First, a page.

The circulation of hydrothermal fluids through young oceanic crust causes serpentinization, alteration of the peridotites and alteration of minerals in the gabbros and basalts to lower temperature assemblages. For example, plagioclase, pyroxenes, and olivine in the sheeted dikes and lavas will alter to albite, chlorite, and serpentine, respectively. Often, ore bodies such as iron-rich sulfide deposits are found above highly altered epidosites (epidote-quartz rocks) that are evidence of (the now-relict) black smokers, which continue to operate within the seafloor spreading centers of ocean ridges today.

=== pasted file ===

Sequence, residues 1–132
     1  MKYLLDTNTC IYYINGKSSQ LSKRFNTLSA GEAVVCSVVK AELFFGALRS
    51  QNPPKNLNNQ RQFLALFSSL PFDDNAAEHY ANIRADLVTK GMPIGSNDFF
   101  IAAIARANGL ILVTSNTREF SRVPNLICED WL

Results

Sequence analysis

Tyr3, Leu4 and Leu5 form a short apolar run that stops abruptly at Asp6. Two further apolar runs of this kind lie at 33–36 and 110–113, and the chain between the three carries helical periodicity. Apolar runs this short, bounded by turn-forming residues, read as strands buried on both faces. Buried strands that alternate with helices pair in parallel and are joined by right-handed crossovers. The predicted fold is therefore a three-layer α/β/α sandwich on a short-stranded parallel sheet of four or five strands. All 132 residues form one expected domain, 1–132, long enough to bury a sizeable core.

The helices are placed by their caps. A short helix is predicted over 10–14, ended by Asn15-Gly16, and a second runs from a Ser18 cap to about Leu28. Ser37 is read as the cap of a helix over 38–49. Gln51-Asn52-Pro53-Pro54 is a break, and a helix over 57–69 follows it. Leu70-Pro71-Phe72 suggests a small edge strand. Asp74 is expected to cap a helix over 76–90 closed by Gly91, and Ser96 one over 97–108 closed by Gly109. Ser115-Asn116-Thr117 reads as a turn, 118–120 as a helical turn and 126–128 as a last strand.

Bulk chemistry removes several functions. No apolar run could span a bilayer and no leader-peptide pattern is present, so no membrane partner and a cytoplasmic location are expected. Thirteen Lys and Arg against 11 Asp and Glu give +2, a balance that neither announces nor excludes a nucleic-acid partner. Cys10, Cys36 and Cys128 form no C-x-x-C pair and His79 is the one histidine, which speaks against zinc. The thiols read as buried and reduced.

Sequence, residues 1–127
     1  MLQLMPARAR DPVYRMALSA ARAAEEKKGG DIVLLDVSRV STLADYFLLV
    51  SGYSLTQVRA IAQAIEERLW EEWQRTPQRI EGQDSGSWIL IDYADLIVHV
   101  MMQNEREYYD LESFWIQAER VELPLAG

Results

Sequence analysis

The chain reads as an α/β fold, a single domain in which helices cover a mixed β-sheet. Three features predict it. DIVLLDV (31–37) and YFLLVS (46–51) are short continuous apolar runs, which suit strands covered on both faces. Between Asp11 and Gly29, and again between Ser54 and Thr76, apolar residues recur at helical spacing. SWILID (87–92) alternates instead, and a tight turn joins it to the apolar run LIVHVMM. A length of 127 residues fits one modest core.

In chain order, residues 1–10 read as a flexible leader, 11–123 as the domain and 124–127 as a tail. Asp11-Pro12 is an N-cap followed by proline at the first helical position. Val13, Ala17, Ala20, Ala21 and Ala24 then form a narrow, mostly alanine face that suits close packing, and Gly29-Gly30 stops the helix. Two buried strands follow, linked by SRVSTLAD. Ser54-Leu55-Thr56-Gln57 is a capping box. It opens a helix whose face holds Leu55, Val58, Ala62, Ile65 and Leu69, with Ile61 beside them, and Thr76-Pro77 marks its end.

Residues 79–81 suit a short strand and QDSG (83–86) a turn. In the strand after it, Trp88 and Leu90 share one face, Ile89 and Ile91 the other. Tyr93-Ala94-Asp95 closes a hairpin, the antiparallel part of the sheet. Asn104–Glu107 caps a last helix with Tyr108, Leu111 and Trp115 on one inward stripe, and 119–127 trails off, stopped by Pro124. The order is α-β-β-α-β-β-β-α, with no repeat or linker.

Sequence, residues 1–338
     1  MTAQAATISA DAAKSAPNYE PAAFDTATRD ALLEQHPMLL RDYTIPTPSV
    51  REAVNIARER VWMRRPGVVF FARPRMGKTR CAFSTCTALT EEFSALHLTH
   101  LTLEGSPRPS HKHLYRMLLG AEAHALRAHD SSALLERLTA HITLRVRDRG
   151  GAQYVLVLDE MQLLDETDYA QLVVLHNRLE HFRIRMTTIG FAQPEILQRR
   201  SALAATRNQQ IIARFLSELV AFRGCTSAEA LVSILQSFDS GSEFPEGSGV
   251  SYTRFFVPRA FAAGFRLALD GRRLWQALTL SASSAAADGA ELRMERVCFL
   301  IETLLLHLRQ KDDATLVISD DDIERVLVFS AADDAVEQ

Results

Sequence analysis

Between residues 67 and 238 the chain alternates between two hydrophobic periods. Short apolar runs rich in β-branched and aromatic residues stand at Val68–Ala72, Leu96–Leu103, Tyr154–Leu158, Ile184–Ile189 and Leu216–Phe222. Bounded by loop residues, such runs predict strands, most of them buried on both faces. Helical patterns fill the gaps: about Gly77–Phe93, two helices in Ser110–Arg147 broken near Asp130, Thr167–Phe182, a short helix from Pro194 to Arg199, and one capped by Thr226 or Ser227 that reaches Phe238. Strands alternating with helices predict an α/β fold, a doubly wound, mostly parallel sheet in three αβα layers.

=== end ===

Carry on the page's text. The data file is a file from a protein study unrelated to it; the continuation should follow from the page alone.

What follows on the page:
Thus there is reason to believe that ophiolites are indeed oceanic mantle and crust; however, certain problems arise when looking closer. Compositional differences regarding silica (SiO2) and titania (TiO2) contents, for example, place ophiolite basalts in the domain of subduction zones (~55% silica, <1% TiO2), whereas mid-ocean ridge basalts typically have ~50% silica and 1.5–2.5% TiO2. These chemical differences extend to a range of trace elements as well (that is, chemical elements occurring in amounts of 1000 ppm or less). In particular, trace elements associated with subduction zone (island arc) volcanics tend to be high in ophiolites, whereas trace elements that are high in ocean ridge basalts but low in subduction zone volcanics are also low in ophiolites.